People are sometimes confused about using "so", so let's talk about it a bit.

Look at this one first:
× I was surprised so that I couldn't think anything.
○ I was so surprised that I couldn't think of anything.
Use "so" as an adverb in front of an adjective to emphasize it.
○ It was so hot today.
Use "that" at after the complete clause to talk about the result:
○ It was so hot today that I had to take a second shower in the middle of the day.
Even though "so" can be an adverb, you can't use it in front of a verb like this:
× I don't so like cats.
○ I don't like cats so much.
However, you can use it in front of a "be" verb or "do" to mean "also".
× I was very tired, also my coworker.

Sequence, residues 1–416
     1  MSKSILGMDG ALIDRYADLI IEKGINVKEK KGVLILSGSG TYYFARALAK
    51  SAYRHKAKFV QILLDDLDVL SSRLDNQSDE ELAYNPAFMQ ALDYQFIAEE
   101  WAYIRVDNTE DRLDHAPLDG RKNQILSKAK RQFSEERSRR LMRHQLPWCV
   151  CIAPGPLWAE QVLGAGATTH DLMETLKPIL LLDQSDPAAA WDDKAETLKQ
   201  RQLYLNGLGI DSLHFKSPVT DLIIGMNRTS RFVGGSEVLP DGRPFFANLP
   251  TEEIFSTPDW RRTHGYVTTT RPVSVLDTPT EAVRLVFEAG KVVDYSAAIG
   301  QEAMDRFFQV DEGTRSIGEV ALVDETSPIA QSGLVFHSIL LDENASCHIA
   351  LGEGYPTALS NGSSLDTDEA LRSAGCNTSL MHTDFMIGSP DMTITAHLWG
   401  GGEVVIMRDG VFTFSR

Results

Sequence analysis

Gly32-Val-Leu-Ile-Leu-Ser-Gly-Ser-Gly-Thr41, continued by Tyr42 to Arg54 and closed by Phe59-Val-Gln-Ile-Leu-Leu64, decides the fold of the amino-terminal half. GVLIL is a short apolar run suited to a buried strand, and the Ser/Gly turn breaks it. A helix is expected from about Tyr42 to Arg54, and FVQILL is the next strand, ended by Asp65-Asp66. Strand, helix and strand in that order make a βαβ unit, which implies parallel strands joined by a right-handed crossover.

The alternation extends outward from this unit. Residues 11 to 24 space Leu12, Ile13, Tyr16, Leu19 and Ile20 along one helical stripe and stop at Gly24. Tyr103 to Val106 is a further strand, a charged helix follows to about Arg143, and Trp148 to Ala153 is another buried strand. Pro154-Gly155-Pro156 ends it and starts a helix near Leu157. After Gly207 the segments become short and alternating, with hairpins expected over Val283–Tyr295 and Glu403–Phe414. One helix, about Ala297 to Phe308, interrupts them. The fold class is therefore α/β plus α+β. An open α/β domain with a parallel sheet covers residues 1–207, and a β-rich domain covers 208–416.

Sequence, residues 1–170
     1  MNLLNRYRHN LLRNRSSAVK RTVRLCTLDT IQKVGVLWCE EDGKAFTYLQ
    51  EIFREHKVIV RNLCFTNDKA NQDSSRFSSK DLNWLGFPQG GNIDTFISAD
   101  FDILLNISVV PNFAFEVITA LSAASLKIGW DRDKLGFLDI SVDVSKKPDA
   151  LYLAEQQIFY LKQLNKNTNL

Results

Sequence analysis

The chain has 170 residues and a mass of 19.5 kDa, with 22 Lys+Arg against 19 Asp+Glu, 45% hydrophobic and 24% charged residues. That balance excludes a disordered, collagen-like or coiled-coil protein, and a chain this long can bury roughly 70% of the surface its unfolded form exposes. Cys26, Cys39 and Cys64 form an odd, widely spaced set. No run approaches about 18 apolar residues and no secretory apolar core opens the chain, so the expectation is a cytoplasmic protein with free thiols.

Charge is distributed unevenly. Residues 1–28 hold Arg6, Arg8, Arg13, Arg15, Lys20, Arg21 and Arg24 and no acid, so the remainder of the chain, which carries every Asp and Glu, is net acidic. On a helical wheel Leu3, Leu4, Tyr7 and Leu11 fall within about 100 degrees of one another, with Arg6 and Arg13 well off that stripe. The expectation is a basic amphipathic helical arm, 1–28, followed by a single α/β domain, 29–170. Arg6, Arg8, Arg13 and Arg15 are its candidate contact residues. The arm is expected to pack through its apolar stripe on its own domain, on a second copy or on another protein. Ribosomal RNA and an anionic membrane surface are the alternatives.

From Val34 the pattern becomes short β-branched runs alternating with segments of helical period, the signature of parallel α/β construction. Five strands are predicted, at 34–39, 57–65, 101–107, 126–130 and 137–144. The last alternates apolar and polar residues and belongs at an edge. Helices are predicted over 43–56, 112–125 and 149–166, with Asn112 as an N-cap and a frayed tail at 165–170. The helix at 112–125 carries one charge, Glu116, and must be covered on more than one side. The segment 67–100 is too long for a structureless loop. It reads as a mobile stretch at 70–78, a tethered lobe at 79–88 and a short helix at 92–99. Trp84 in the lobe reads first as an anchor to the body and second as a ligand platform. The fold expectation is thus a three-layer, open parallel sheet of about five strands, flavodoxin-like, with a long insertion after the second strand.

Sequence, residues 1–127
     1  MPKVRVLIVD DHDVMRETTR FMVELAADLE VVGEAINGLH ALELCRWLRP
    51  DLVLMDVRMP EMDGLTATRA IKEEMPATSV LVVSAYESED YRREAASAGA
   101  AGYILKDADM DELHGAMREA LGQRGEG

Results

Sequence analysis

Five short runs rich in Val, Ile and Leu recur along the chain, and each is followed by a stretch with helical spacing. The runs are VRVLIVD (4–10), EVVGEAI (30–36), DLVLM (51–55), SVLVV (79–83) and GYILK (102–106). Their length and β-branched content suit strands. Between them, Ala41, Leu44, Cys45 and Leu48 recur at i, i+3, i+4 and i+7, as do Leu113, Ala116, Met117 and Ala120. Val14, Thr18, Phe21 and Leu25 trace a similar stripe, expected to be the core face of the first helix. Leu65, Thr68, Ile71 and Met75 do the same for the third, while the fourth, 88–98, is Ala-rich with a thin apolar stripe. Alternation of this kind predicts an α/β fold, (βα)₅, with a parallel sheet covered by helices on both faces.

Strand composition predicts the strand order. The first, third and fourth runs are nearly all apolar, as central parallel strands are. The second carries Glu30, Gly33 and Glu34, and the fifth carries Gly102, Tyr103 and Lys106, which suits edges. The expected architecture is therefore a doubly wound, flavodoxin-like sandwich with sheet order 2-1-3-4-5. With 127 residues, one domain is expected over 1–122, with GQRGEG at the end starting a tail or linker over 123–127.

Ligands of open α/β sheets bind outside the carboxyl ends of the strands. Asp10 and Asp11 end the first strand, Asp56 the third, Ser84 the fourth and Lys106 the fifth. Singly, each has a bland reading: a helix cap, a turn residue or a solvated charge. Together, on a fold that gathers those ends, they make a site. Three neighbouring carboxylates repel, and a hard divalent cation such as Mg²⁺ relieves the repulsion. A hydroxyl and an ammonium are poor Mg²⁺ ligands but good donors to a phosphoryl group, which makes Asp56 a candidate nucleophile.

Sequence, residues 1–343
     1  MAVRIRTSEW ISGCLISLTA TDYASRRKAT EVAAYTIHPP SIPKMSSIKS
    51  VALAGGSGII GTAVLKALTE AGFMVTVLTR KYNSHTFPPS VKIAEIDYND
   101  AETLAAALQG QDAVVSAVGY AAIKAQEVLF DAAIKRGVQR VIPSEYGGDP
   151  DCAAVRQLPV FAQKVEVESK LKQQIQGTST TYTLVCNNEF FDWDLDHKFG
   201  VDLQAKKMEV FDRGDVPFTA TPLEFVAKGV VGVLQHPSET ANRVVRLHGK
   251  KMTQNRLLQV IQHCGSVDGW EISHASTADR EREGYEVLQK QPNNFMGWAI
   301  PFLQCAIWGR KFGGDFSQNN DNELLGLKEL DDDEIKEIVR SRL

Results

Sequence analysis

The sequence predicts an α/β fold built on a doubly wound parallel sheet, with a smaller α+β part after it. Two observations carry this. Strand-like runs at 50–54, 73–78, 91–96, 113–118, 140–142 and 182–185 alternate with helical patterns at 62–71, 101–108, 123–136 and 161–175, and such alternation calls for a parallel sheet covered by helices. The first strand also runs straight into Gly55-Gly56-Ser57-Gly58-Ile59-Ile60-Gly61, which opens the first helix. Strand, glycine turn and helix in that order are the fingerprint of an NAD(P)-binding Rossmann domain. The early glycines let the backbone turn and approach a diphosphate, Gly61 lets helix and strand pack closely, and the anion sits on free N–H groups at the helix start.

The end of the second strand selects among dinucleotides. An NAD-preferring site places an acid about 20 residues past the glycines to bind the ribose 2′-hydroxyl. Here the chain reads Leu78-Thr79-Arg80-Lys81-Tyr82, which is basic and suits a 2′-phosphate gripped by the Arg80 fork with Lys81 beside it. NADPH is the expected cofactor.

○ I was very tired, and so were my coworkers.
○ I felt it was hot today, and so did you, I bet.
"So-so" is something we use in conversations, but not to modify another adjective.
× It's so-so easy.
○ It's somewhat easy.
Use it like this:
A: How was the meal?
B: So-so.
Speaking of meals, here's what I made for dinner last night. At the supermarket a few days ago, tomatoes seemed cheap, so I bought a pack of them. Even though they were cheap, they were so delicious. I used most of them last night in this dish, which is chickpeas cooked with onions, tomato, cumin, lemon juice, red pepper, and black pepper.

I don't make a salad with lettuce so often, but somehow I felt it would be good with the chickpeas. For the salad, I made a dressing of vinegar, mustard, black pepper, and a pinch of salt. It was somewhat sour and didn't quite taste like I expected. The results were just so-so.

It was hot today, but I'm cooler now thanks to the AC. Hopefully so are you. Take care in the heat tomorrow!

0 件のコメント: